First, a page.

I'd like to reinstate the "reading/listening to" feature of this blog:
Reading: Green Dolphin Street; just finished Philip Pullman’s His Dark Materials trilogy.
Listening to: Romeo & Juliet by Gounod.
I’ve been thinking about film these days. All of a sudden there's a proliferation of classic fantasy-style books being made into movies. I (finally) watched the first four Harry Potter films this summer and hope to see the newest one next week. You know, I purposely stayed out of the Harry Potter “controversy” (Christians burning the books while kids lined up in costume at midnight to buy the newest book) for years, and now I regret that. I wish that I were part of the subculture that was eagerly speculating about the ending of the series. I wish I could have rushed out to buy the latest book. There is a gap in my experience of both fantasy literature and popular culture.
I wish there hadn’t been a controversy. Why do we have to make such a big deal over such lovely, fun, delightful things as new fantasy fads?
Well, I’ve just finished Pullman’s trilogy, and I know why Christians do have to keep their antennae up, feeling for heresy. But I can’t do it. I can’t keep away from these brilliant books. Yes, the books are about the need to kill God, because His church has oppressed people and kept them from reaching their potential and has basically perpetrated every crime against creativity and joy and consciousness possible. Yes, the portrait of God (a version of Blake’s) is pitiful, evil, blasphemous. Yes, this epic quite clearly makes Satan (or all his forces) out to be the hero(s). But wow is it great writing, and I don’t know if I’ve ever come across an imagination like his! The daemons alone are enough to immortalize this series. But there’s so much more that’s both brand-new and timeless: fresh metaphors for love, an updated version of Gulliver’s Houyhnhnms, angels who envy human flesh, the revivifying (if that’s the right word!) of Virgil’s underworld, wheeled animals, windows between parallel universes, meeting one’s own Death as a gentleman, and on and on. The writing kept me gasping in shock, weeping in grief, gritting my teeth in terror and suspense.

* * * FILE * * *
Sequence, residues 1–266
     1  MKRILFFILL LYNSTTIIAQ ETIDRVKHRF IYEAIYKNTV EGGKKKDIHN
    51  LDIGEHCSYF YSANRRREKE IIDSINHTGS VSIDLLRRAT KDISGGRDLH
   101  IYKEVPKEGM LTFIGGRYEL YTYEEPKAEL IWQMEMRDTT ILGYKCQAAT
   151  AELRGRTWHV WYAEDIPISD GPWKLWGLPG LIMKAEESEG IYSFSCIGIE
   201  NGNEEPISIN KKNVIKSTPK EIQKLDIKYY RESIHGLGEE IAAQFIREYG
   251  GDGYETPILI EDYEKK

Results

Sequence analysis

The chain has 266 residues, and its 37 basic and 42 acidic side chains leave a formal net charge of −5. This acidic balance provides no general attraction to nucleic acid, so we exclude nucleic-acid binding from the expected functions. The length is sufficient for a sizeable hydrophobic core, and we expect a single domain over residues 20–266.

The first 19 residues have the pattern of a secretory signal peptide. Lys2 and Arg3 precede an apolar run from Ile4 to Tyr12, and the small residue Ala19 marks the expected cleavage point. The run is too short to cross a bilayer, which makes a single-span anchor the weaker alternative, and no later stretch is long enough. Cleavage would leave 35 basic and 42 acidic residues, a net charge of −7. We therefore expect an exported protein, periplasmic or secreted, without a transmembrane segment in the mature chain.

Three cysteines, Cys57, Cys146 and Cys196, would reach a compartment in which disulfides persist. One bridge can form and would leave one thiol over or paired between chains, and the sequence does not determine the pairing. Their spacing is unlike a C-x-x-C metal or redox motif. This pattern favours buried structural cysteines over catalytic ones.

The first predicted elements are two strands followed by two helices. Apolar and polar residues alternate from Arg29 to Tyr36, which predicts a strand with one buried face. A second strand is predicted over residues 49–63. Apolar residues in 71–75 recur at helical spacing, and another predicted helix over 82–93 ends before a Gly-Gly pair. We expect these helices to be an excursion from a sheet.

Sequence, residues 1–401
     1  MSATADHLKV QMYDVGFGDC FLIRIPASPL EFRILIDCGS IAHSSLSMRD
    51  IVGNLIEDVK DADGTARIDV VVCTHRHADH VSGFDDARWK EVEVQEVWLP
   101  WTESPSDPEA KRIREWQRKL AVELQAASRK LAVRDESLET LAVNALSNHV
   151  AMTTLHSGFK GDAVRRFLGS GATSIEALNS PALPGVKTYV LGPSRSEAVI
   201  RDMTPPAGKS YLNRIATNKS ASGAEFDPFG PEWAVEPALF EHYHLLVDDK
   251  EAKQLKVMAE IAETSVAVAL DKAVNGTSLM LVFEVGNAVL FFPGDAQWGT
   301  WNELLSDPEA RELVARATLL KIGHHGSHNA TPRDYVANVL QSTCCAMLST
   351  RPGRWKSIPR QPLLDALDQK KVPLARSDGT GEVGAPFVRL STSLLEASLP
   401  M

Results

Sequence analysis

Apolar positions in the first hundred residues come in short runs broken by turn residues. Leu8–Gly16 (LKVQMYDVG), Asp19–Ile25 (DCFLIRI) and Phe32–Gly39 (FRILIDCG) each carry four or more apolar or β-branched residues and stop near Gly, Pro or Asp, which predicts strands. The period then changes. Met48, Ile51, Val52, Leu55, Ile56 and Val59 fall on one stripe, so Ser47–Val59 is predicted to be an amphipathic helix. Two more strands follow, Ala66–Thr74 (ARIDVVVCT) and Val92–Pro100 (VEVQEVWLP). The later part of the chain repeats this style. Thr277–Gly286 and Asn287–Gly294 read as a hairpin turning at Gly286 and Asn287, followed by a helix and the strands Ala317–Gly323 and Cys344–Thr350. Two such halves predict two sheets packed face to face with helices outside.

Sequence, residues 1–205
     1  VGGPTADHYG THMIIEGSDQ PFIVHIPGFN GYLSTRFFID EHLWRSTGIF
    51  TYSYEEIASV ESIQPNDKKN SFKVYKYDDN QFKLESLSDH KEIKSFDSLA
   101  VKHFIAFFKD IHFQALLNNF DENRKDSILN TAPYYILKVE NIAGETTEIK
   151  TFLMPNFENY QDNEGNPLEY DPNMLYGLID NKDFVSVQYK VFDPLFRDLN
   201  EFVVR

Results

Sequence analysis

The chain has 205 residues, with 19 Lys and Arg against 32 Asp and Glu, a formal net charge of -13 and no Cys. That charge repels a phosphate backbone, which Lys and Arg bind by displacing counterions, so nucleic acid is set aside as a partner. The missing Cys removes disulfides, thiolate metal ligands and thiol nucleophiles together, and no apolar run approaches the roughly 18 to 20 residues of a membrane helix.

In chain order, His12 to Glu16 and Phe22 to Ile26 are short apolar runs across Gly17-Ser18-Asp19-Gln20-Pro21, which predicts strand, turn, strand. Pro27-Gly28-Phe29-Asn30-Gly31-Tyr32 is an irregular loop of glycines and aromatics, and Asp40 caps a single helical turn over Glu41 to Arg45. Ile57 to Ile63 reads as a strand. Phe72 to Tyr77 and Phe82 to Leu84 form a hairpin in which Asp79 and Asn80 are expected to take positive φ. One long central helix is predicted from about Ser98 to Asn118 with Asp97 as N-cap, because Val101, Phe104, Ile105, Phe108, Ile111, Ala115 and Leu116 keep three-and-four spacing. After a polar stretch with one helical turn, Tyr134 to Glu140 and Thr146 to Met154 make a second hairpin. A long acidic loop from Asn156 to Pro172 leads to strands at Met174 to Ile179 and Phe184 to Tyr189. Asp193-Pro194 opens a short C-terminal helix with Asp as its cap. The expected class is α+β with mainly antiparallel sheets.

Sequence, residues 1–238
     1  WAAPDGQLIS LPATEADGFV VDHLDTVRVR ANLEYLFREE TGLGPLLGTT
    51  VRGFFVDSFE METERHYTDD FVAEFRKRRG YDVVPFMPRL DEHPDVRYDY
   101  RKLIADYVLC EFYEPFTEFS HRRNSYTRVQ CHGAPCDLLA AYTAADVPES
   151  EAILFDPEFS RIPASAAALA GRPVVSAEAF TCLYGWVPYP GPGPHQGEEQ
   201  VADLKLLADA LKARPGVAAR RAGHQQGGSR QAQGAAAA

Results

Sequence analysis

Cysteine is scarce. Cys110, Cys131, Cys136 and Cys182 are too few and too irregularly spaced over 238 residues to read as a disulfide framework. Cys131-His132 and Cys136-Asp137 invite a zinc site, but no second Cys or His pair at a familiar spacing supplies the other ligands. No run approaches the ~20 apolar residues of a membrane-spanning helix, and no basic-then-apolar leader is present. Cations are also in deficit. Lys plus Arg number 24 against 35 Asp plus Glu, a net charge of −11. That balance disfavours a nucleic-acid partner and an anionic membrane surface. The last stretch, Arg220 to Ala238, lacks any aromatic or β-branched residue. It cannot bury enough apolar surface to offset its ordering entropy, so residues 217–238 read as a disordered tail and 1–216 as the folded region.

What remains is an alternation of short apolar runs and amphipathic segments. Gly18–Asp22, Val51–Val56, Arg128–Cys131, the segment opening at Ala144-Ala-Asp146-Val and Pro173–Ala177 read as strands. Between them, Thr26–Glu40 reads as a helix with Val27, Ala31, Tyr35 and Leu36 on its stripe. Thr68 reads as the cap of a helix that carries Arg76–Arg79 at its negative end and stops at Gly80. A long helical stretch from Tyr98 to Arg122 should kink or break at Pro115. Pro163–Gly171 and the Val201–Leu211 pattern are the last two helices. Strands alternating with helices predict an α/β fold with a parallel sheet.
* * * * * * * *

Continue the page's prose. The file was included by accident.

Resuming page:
I’ve heard films are being made of Pullman's trilogy. I think they will be great.
And there’s a film being made of Susan Cooper’s The Dark is Rising series, which is another I’ve missed. More here.
And there’s also an upcoming
film of Paradise Lost, for better or worse. You can read more about it here.
So I’d better get moving on my pipe dream: to make films of Dante’s Divine Comedy, of the greatest of the Inklings’ works, and of some other classics. Here are the movies for which I would love to write the screen plays and direct the films (but I haven’t any experience in either):
Out of the Silent Planet
That Hideous Strength
The Great Divorce
The Princess and the Goblins
The Princess and Curdie
The Place of the Lion
Descent into Hell
The Book of the Dun Cow
The Winter’s Tale
I don’t think I’d like to have one done of Till We Have Faces, though.
What do you think? Do you think it’s a good idea? What other books would you add?
Wow! Look what I just got in my email from the C. S. Lewis society:
A number of the fantasy novels by novelist, playwright, poet, biographer, and theologian Charles Williams, starting with his ALL HALLOW'S EVE, will be made into major films by renowned producer Ralph Winter. Mr. Winter is also producing the film version of C.S. Lewis's best-selling book, THE SCREWTAPE LETTERS, which is scheduled for release in late 2008. Among his many other film credits are the X-Men, Fantastic
Four, and Star Trek III-VI films as well as "Planet of the Apes," "Mighty Joe Young," and "Flight of the Intruder," as well as the ABC TV series, "Lost."